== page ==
Tech and nature relation examined
On Monday night, Wilfrid Laurier University hosted “Every citizen an environmental scientists: How Canadian families can protect nature by using their smartphones — and have been doing it” at the Basillie School of International Affairs in Waterloo. The function was part of the Social Science and Humanities Research Council of Canada’s (SSHRC) series of regional events addressing a challenge set out in 2011 called “Imagining Canada’s Future.”
The event centered around the promotion of an initiative called NatureWatch 2.0.
Robert McLeman is an associate professor of geography and environmental studies at Laurier and one of the leaders behind NatureWatch 2.0. With the help of another professor from the University of Ottawa, they are overseeing the development of the program.
“Once we took over the project, we built a team around us to say, ‘let’s go gets some federal research money to make it what it is supposed to be,’ which is a research enterprise. SSHRC came forth with funding for us to do just that.”
The event also looked at how technology, specifically smartphones and social media, are being used to allow Canadians to contribute to solutions posed by the “Imagining Canada’s Future” challenge.
“Right now you see a frog, for example, and then you go home and put the necessary information into the website. But between the time you see the frog and get home, you never visit the website and the data is lost. Whereas this way, you have your phone on you, the app can identify for you what frog you might be looking at and it records it in a database,” said McLeman.
The success of projects like this, McLeman believes, comes from the core of what citizen science aims to do.
“The reality is this: the traditional model of scientific research is scientists conducted controlled experiments,” he said. “That model is dated and doesn’t take advantage of technology. Everybody has smartphones and they are very powerful personal computers. If you have 30 million smartphone users observing stuff in nature, even getting one per cent of those people to record what they see on a daily basis, that is more data any number of professional scientists could on their own record.”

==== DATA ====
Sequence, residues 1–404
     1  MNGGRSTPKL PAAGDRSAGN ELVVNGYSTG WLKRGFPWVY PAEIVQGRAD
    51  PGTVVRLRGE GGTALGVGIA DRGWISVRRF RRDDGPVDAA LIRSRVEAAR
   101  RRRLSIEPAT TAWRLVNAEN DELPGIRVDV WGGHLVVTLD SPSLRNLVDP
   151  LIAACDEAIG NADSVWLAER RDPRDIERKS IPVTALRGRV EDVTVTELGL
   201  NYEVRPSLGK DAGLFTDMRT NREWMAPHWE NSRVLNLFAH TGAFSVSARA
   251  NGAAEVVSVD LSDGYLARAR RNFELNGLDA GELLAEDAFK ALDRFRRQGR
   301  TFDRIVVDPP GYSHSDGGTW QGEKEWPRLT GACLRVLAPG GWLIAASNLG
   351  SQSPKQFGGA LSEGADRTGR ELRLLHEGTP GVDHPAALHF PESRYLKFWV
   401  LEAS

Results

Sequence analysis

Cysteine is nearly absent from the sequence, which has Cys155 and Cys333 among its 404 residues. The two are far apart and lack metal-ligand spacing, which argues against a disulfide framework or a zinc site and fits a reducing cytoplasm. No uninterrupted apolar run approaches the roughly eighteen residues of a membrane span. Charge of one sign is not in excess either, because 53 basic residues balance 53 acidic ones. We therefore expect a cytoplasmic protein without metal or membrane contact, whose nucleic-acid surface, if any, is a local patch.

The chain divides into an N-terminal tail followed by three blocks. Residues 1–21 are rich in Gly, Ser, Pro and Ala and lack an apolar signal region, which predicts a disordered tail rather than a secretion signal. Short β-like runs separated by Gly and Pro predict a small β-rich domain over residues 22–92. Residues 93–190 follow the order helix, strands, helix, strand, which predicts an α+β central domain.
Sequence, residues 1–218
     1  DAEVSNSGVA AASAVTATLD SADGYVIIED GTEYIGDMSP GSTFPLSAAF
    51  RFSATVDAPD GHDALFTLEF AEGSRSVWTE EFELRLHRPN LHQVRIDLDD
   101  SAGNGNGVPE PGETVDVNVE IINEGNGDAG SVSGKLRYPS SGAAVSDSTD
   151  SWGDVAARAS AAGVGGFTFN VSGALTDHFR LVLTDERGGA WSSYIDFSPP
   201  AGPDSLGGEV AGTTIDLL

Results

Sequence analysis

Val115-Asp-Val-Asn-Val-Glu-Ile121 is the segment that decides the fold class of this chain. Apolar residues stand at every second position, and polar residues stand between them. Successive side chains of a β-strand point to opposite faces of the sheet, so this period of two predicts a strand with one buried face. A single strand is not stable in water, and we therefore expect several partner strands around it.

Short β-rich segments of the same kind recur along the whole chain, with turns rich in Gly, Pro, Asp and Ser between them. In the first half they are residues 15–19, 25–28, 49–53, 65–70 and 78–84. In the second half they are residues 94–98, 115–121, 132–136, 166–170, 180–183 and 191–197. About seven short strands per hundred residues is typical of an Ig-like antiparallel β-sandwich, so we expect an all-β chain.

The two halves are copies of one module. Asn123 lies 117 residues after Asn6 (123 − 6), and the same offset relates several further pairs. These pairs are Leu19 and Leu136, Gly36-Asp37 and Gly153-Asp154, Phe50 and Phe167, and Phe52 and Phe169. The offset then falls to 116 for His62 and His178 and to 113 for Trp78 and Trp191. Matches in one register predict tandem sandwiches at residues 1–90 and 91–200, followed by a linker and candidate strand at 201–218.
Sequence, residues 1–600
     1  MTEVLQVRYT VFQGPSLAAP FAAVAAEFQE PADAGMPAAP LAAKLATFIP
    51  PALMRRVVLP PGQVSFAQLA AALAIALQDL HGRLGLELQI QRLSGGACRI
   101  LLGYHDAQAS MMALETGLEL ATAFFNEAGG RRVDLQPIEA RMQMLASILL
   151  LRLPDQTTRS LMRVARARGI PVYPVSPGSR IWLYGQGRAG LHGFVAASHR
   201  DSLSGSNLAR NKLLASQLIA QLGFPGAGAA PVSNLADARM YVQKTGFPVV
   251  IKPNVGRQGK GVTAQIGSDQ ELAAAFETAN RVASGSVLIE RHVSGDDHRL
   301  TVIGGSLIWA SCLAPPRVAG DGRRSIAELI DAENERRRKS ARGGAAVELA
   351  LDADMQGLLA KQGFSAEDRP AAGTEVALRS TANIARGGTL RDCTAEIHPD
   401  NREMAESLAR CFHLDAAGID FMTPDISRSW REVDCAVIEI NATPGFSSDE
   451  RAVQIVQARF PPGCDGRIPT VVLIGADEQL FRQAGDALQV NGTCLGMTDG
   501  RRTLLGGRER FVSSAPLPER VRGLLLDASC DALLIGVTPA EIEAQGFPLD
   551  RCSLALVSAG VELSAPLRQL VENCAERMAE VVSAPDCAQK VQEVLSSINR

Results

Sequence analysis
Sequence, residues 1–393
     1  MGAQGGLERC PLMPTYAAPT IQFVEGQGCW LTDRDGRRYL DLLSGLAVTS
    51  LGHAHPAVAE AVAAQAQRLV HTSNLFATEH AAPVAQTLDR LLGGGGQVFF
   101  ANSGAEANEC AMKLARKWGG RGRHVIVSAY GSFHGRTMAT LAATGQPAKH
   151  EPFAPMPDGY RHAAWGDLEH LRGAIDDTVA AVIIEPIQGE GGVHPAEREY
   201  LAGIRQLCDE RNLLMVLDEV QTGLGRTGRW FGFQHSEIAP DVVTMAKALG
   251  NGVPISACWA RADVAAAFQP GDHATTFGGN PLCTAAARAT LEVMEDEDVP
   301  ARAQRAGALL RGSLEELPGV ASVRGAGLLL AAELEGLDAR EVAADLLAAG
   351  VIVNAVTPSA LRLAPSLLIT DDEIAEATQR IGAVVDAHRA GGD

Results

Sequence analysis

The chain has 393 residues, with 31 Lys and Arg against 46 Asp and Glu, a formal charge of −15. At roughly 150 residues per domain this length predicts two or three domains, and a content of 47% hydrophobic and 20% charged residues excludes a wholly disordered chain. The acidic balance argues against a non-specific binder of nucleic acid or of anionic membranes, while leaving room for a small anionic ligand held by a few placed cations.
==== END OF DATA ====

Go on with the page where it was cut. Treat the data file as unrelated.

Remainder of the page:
McLeman has students from a variety of disciplines working with him on the project. He feels its good for a variety of reasons.
“It helps us do our jobs, but it also gives students a chance to practice science even if in first or second-year. It gives them a taste for what it is like to work in the field.”
Abby Goodrum, vice president of research at Laurier and one of the organizers from Monday night, believes that NatureWatch 2.0 is representative of how research is conducted at Laurier.
“Looking at Laurier researchers, because of our history and size, we are always going to involve students at the graduate and undergraduate level. That is who we are, and not necessarily who other universities are. It is interdisciplinary and a collaboration with industry, community, education and NGOs,” said Goodrum.
McLeman attributes the successes of the program so far to the student contributions.
“One of the good things about Laurier is it has a lot of spirit. So if you tell the student body you need help, people volunteer and get involved. It has worked tremendously well in getting NatureWatch 2.0 off the ground and into the hands of Canadians.”